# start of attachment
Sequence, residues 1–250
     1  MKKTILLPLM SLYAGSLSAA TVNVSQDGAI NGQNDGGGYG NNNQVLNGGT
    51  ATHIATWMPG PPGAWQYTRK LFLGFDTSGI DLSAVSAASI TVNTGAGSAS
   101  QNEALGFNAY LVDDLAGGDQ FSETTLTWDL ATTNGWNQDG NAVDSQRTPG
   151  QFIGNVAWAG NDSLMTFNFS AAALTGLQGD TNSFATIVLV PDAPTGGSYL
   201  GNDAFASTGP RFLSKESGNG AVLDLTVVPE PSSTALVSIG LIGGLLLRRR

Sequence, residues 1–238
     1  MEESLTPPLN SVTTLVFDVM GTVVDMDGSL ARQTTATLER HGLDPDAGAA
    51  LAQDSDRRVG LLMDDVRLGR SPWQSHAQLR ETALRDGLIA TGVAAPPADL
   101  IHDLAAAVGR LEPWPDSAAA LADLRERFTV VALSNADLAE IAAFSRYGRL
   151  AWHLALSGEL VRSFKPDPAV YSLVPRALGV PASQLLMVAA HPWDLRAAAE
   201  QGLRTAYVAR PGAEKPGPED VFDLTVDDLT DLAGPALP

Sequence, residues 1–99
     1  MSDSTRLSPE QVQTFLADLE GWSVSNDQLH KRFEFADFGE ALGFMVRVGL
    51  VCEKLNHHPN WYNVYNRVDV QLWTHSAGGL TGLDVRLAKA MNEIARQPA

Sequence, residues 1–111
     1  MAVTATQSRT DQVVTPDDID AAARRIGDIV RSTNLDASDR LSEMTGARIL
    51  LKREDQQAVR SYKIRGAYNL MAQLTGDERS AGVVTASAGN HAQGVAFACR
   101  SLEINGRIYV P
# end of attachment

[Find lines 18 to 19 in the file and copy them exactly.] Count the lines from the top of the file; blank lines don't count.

    51  LKREDQQAVR SYKIRGAYNL MAQLTGDERS AGVVTASAGN HAQGVAFACR
   101  SLEINGRIYV P